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Having studied Java at school I am quite familiar with the DAO-pattern(Data access object). However at work I use .NET. In .NET there is often talk about the DAL(Data Access Layer). To me their purpose seems quite similar. So the question is are DAO and DAL basically the same thing? Is the term DAL only made up so it wouldn't be mixed up with Data Access Objects?

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I always thought DAL as Data Abstraction Layer –  davidsleeps Jul 6 '09 at 11:33

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The Data Access Layer (DAL) is the layer of a system that exists between the business logic layer and the persistence / storage layer. A DAL might be a single class, or it might be composed of multiple Data Access Objects (DAOs). It may have a facade over the top for the business layer to talk to, hiding the complexity of the data access logic. It might be a third-party object-relational mapping tool (ORM) such as Hibernate.

DAL is an architectural term, DAOs are a design detail.

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Let's say I have an interface called DAO that has a methods like getCustomer(). The interface is implemented by SqlServerDAO-class. When getCustomer() is called the SqlServerDAO fetches the data from DB, creates and returns Customer-object. In this case the DAL consists of DAO-interface and SqlServerDAO-class, right? –  simoraman Jul 7 '09 at 5:54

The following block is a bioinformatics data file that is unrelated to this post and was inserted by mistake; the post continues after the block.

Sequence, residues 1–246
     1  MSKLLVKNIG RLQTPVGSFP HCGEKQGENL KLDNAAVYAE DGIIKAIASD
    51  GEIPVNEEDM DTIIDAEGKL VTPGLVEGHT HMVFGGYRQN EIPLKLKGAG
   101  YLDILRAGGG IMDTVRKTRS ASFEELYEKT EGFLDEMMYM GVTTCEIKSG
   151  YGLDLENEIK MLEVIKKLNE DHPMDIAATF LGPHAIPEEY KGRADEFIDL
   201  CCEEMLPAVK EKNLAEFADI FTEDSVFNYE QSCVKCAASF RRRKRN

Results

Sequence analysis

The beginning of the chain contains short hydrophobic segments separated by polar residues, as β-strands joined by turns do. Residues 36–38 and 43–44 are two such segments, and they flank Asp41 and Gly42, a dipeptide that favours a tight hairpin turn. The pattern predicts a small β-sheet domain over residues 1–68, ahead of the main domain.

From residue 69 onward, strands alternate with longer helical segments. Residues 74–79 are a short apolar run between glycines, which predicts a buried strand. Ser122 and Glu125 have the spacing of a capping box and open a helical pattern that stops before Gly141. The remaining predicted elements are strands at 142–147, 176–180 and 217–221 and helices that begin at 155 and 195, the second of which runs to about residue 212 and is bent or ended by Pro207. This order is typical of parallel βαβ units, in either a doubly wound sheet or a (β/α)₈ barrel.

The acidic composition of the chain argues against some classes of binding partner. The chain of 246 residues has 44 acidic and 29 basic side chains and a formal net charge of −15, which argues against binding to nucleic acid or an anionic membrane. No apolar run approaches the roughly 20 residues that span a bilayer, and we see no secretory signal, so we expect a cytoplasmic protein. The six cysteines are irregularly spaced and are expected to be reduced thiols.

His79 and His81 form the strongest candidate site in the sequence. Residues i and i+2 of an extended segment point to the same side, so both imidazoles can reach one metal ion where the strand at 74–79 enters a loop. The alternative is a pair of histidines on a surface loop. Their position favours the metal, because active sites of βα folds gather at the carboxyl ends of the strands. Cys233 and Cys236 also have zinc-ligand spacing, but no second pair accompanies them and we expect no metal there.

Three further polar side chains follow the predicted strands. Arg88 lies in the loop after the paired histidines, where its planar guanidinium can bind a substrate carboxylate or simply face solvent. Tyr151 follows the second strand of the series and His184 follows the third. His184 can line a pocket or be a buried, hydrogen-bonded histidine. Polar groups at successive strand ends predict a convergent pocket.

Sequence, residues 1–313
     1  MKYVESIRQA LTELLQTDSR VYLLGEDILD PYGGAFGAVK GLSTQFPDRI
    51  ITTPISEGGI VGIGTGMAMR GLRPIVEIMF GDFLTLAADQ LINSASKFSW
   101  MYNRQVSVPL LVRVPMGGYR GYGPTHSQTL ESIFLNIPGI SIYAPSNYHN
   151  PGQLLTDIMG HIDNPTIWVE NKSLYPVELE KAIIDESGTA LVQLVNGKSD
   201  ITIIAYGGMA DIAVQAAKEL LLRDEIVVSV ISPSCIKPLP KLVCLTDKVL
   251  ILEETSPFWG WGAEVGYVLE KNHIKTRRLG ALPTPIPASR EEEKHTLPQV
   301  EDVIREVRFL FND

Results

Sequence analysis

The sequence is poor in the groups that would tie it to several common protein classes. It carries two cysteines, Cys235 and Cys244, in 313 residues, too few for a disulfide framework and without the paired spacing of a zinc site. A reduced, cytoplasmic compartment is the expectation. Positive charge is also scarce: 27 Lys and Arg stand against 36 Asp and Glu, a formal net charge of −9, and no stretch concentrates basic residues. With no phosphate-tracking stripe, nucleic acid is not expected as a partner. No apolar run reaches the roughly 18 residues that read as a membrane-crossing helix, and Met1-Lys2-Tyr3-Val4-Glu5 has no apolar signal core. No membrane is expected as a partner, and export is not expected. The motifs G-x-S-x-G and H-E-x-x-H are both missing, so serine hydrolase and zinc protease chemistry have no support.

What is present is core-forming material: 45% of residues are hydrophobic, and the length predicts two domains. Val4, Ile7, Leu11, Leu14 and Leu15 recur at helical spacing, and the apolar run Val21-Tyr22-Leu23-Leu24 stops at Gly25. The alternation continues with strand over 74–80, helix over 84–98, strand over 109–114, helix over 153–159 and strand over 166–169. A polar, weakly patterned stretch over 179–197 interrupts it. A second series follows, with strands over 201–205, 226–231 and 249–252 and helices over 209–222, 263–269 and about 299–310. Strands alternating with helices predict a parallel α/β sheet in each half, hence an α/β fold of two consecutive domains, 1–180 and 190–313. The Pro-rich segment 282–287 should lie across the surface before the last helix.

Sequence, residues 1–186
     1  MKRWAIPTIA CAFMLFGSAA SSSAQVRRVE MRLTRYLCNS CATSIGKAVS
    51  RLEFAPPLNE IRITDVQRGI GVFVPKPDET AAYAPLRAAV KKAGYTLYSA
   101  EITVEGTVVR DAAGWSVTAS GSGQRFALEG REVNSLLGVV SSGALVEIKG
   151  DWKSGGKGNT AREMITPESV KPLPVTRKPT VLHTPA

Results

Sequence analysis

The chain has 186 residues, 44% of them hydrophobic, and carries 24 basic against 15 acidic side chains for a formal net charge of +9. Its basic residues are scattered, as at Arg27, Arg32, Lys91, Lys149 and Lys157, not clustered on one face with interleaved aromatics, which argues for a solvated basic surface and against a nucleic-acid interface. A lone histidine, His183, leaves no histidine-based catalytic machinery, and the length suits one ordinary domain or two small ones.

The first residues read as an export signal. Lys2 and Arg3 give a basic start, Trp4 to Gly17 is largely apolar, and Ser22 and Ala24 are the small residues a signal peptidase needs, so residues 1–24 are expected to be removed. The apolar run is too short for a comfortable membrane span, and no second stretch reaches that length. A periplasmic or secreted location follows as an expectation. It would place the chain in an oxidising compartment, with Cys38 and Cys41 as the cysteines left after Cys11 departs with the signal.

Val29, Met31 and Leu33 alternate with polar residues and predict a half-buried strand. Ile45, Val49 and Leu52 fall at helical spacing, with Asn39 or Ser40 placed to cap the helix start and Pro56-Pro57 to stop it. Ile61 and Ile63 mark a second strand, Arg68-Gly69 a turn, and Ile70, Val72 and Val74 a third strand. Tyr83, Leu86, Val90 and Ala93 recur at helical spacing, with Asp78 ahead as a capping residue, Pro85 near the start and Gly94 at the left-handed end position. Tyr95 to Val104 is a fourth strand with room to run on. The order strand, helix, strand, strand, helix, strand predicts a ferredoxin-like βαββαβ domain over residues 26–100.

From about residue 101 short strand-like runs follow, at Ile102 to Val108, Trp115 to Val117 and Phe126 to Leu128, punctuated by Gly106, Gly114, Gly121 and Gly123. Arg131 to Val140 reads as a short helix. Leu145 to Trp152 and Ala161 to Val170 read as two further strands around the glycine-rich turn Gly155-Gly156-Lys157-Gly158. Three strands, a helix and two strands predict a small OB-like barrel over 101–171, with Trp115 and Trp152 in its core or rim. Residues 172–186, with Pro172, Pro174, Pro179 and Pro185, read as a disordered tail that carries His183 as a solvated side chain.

That sounds right to me. –  Matt Howells Jul 7 '09 at 9:35
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+1 for "DAL is an architectural term, DAOs are a design detail." –  salman.virk Apr 12 '13 at 18:02

A data access layer will contain many data access objects.

It's primary role is to decouple the business logic from the database logic and implementation.

For example the DAL may have a single method that will retrieve data from several tables, queries or stored procedures via one or more data access objects.

Changes to the database structure, DAOs, stored procedures or even database type should not incur changes to the business logic and this is down to the decoupling provided by the DAL.

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